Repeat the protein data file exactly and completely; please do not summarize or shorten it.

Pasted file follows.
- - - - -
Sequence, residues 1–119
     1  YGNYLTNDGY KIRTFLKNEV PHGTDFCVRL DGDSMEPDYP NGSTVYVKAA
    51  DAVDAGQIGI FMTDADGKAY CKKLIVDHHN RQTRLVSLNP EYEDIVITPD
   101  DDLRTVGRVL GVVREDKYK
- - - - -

Sequence, residues 1–119
     1  YGNYLTNDGY KIRTFLKNEV PHGTDFCVRL DGDSMEPDYP NGSTVYVKAA
    51  DAVDAGQIGI FMTDADGKAY CKKLIVDHHN RQTRLVSLNP EYEDIVITPD
   101  DDLRTVGRVL GVVREDKYK